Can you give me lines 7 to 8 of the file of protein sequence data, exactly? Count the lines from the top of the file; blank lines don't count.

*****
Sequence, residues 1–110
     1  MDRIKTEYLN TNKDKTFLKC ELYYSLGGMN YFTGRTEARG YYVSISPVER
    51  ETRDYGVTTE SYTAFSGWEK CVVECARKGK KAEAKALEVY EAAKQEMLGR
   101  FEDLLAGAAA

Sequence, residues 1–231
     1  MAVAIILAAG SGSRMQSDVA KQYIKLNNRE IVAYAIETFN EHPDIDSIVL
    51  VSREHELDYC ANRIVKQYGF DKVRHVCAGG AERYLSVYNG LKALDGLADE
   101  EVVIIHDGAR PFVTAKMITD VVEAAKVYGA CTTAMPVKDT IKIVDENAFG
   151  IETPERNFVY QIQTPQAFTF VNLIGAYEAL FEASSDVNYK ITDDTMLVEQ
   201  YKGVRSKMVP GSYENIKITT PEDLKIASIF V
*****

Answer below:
    51  VSREHELDYC ANRIVKQYGF DKVRHVCAGG AERYLSVYNG LKALDGLADE
   101  EVVIIHDGAR PFVTAKMITD VVEAAKVYGA CTTAMPVKDT IKIVDENAFG